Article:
International Classification of Diseases (ICD)
The ICD is the foundation for identifying health trends and statistics worldwide, and contains around 55 000 unique codes for injuries, diseases and causes of death. It provides a common language that allows health professionals to share health information across the globe.
The International Classification of Disease (ICD) is a standard diagnostic tool created by the World Health Organization (WHO), for monitoring the incidence and prevalence of diseases and related conditions.
The ICD has diverse clinical applications, and is used not just by doctors but also by paramedic staff, insurance companies, researchers and policy makers. ICD is used to classify diseases and store diagnostic information for clinical, quality and epidemiological purposes and also for reimbursement of insurance claims.
What is ICD-10 or ICD-11
The ICD tenth revision (ICD-10) ICD eleventh revision (ICD-11) is a code system that contains codes for diseases, signs and symptoms, abnormal findings, circumstances and external causes of diseases or injury.
ICD purpose and uses
ICD is the foundation for the identification of health trends and statistics globally, and the international standard for reporting diseases and health conditions. It is the diagnostic classification standard for all clinical and research purposes. ICD defines the universe of diseases, disorders, injuries and other related health conditions, listed in a comprehensive, hierarchical fashion that allows for:
- easy storage, retrieval and analysis of health information for evidenced-based decision-making;
- sharing and comparing health information between hospitals, regions, settings and countries; and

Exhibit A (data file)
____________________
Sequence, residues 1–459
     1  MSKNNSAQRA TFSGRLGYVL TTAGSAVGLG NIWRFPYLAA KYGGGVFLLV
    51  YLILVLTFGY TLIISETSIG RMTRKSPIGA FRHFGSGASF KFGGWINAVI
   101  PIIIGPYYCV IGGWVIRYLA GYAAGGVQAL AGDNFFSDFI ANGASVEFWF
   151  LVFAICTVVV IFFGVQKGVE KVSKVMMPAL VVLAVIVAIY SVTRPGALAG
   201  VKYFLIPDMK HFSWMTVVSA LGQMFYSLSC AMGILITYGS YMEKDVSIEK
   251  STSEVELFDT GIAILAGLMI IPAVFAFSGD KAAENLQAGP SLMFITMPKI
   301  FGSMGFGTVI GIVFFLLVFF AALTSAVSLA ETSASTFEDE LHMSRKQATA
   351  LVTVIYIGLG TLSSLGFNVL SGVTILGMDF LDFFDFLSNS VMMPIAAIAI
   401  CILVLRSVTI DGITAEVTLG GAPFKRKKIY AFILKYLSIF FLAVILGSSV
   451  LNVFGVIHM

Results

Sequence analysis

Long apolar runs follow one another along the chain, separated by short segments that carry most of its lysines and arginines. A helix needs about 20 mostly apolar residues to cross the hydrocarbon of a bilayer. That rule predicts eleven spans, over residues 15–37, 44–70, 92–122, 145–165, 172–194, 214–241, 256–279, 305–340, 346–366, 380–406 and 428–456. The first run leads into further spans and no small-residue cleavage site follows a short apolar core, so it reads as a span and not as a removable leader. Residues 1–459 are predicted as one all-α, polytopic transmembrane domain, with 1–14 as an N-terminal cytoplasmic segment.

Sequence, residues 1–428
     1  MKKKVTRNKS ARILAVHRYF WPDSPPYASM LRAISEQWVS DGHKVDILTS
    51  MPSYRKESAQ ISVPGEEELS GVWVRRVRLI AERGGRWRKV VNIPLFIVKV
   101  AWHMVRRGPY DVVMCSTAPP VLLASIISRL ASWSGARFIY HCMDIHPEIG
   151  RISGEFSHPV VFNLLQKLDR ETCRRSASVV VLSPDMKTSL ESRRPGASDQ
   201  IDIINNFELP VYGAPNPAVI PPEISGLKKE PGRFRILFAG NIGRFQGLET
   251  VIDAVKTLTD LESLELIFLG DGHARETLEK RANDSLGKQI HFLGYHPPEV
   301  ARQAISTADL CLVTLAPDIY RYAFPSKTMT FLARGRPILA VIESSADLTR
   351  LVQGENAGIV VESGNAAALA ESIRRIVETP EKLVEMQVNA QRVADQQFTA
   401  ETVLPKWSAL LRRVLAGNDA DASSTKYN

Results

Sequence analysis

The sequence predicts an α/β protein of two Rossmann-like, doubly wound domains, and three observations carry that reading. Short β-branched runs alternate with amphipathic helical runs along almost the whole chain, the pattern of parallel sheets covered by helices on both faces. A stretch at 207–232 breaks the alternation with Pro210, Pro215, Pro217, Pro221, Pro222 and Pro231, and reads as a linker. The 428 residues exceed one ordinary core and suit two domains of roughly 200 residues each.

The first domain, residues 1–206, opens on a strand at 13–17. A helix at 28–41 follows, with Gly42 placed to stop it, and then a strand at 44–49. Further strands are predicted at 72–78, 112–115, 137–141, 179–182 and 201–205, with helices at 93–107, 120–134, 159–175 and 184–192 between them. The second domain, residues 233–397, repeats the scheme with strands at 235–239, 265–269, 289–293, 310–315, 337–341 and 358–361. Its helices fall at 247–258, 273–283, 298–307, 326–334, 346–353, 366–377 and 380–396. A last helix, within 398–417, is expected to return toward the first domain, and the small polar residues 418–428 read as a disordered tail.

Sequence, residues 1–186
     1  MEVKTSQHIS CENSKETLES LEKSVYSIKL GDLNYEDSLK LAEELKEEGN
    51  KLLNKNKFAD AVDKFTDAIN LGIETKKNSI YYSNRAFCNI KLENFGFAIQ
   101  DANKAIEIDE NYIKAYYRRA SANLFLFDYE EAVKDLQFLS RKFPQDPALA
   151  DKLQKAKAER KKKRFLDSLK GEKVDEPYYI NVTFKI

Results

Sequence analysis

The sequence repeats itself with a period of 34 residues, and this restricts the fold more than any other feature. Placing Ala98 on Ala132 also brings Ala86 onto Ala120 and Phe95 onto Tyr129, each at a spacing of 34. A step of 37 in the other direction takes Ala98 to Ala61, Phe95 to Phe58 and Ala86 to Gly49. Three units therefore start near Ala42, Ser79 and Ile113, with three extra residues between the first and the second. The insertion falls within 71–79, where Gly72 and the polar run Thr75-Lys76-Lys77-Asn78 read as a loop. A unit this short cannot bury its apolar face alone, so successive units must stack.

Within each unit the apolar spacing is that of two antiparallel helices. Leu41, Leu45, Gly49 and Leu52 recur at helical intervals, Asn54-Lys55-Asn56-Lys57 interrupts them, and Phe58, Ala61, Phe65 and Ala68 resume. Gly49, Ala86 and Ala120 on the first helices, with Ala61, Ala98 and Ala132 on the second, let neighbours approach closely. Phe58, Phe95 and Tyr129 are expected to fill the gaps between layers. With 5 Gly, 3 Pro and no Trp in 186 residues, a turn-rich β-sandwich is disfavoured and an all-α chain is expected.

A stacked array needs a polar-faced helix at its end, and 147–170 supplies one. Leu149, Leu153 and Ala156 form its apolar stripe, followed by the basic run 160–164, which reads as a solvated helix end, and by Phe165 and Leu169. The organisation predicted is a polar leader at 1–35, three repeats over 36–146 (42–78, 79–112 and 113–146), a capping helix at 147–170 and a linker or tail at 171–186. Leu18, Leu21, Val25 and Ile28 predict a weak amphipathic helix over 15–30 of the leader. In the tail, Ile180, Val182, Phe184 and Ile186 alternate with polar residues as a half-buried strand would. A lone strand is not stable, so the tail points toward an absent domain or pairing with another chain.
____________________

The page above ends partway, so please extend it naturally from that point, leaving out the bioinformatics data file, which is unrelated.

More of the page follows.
- data comparisons in the same location across different time periods.
Uses include monitoring of the incidence and prevalence of diseases, observing reimbursements and resource allocation trends, and keeping track of safety and quality guidelines. They also include the counting of deaths as well as diseases, injuries, symptoms, reasons for encounter, factors that influence health status, and external causes of disease.
History of ICD
The first international classification edition, known as the International List of Causes of Death, was adopted by the International Statistical Institute in 1893.
WHO was entrusted with the ICD at its creation in 1948 and published the 6th version, ICD-6, that incorporated morbidity for the first time. The WHO Nomenclature Regulations, adopted in 1967, stipulated that Member States use the most current ICD revision for mortality and morbidity statistics. The ICD has been revised and published in a series of editions to reflect advances in health and medical science over time.
ICD-10 was endorsed in May 1990 by the Forty-third World Health Assembly. It is cited in more than 20,000 scientific articles and used by more than 100 countries around the world.
A version of ICD-11 was released on 18 June 2018 to allow Member States to prepare for implementation, including translating ICD into their national languages. ICD-11 will be submitted to the 144th Executive Board Meeting in January 2019 and the Seventy-second World Health Assembly in May 2019 and, following endorsement, Member States will start reporting using ICD-11 on 1 January 2022.